South Africa, one of the world’s biggest metals producers, has been hit by a slide in commodities prices that has come on top of widespread labour unrest among miners.

“We need to be cognisant that our mining sector is under pressure and that it’s a global theme,” said Elna Moolman, an economist at Maquire First Securities. “We need to look for alternatives. And given that we are very strong in the services, this is an area we need to focus on.”

Moolman said an increased focus on tourism, which has already benefited from a weaker currency, and upping the export financial and business services would help lift the economy.



(By Mfuneko Toyana. Editing by James Macharia, Larry King)


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South Africa’s mining output plunges the most on record in March

Comments (0) Africa, Business, Latest Updates from Reuters

JOHANNESBURG (Reuters) – South Africa’s mining output fell the most on record in March, a result of last year’s ramp up in mining activity after a five-month strike two years ago, a statistics body said on Thursday.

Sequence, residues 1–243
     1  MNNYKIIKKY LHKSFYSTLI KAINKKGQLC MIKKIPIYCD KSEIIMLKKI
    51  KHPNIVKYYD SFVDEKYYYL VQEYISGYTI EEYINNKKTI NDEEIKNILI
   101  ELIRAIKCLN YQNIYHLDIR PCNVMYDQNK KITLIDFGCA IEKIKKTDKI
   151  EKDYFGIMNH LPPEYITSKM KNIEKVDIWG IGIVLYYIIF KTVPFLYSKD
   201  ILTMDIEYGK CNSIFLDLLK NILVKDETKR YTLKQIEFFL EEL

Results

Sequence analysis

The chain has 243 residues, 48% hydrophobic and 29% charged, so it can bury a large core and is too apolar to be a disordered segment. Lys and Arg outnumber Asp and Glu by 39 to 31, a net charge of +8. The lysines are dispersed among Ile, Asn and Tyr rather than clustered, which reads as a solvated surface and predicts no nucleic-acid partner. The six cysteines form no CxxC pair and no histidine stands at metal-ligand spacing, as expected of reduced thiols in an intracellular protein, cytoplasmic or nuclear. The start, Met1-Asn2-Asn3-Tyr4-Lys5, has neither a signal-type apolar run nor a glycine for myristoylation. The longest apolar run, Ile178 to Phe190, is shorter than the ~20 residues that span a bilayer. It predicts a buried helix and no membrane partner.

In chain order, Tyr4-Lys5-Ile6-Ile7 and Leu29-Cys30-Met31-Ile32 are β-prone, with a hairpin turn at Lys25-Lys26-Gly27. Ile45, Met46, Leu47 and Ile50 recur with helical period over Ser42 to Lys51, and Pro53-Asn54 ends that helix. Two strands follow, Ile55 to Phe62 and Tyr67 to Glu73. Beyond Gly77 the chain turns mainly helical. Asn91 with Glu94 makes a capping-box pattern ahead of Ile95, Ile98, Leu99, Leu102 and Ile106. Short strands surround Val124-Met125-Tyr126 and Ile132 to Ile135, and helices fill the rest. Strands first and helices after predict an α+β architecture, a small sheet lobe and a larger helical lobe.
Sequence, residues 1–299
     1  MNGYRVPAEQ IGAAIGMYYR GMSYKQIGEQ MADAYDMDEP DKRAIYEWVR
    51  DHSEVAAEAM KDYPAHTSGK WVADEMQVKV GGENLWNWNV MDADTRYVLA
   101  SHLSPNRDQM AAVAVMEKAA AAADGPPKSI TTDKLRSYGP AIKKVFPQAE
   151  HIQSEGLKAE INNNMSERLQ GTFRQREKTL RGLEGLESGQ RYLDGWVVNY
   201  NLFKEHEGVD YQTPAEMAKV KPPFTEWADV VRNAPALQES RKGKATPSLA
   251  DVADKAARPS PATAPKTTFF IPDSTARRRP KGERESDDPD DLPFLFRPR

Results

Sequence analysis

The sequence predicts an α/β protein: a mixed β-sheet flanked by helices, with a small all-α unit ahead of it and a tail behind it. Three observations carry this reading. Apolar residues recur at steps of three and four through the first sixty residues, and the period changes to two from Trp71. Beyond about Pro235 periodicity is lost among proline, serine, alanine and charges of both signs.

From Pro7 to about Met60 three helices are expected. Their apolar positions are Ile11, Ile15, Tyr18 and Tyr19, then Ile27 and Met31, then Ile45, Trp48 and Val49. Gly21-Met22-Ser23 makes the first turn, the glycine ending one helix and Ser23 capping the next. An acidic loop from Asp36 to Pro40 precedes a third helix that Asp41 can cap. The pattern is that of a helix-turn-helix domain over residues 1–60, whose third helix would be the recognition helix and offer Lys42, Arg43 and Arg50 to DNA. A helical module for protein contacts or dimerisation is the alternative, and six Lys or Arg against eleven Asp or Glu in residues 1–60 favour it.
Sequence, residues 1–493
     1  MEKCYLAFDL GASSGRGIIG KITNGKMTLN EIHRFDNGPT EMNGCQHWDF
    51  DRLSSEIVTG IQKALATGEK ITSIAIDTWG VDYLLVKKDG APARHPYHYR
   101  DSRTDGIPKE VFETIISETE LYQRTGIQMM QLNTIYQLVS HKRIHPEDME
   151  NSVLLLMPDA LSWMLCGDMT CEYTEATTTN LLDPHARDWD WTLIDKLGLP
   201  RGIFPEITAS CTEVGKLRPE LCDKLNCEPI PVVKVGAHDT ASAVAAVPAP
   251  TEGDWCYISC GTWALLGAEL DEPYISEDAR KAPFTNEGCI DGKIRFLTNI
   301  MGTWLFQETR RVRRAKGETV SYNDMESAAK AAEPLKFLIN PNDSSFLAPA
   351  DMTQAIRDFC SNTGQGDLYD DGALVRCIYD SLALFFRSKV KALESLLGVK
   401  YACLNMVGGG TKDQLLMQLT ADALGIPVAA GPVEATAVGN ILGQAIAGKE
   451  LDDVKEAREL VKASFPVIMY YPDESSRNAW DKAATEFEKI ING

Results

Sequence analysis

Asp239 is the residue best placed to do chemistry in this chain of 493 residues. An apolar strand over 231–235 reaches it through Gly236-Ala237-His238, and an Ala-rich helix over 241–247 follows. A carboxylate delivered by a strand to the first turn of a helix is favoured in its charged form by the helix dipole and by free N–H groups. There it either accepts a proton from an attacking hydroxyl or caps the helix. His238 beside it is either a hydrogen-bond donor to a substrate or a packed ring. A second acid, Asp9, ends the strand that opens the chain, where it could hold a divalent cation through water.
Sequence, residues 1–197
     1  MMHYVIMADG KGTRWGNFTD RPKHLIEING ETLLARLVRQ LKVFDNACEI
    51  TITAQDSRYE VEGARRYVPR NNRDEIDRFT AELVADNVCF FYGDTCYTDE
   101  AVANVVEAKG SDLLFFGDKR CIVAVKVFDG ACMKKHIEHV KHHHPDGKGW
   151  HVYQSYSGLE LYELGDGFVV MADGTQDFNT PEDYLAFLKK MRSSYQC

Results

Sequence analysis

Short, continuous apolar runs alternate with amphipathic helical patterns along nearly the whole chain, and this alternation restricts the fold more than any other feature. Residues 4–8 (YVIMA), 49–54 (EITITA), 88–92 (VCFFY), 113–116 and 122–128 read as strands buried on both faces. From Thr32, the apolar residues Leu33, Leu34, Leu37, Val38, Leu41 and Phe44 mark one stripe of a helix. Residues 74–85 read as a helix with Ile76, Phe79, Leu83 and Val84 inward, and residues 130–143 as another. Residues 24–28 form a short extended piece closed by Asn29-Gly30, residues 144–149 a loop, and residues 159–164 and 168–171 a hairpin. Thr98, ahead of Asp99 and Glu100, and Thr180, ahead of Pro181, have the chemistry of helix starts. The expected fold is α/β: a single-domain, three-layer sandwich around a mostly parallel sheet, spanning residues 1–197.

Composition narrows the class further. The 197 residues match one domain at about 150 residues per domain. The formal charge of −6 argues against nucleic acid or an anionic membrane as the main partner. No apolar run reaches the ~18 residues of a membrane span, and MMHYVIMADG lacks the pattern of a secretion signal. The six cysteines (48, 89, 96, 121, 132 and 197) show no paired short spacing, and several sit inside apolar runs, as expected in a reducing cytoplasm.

Total mining output plunged 18 percent in March year-on-year compared to an 8.3 percent drop the previous month.

“It’s the biggest year-on-year drop ever,” Statistic South Africa statistician Juan-Pierre Terblanche said. “It’s a base effect of last year when there was a big spike after the mines recovered fast after the strike.”

Platinum mining companies Anglo American Platinum, Impala Platinum and Lonmin are still reeling from effects of the record 2014 pay strike and sustained low commodity prices.


(Reporting by Zandi Shabalala, editing by David Evans)

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South Africa’s AngloGold Ashanti posts free cash flow in Q1

Comments (0) Africa, Business, Latest Updates from Reuters

JOHANNESBURG (Reuters) – AngloGold Ashanti Ltd posted a free cash flow in its first quarter compared with an outflow last year due to cost and debt cuts, Africa’s biggest bullion producer said on Monday.

“We generated significant free cash flow again despite the lower gold price, which shows the continued success of our self-help measures to reduce debt by improving margins,” said Srinivasan Venkatakrishnan, chief executive officer, AngloGold Ashanti.

The company, which has 17 mines in nine countries, said free cash flow in three months to March-end reached $70 million from an outflow of $40 million in the first quarter of 2015.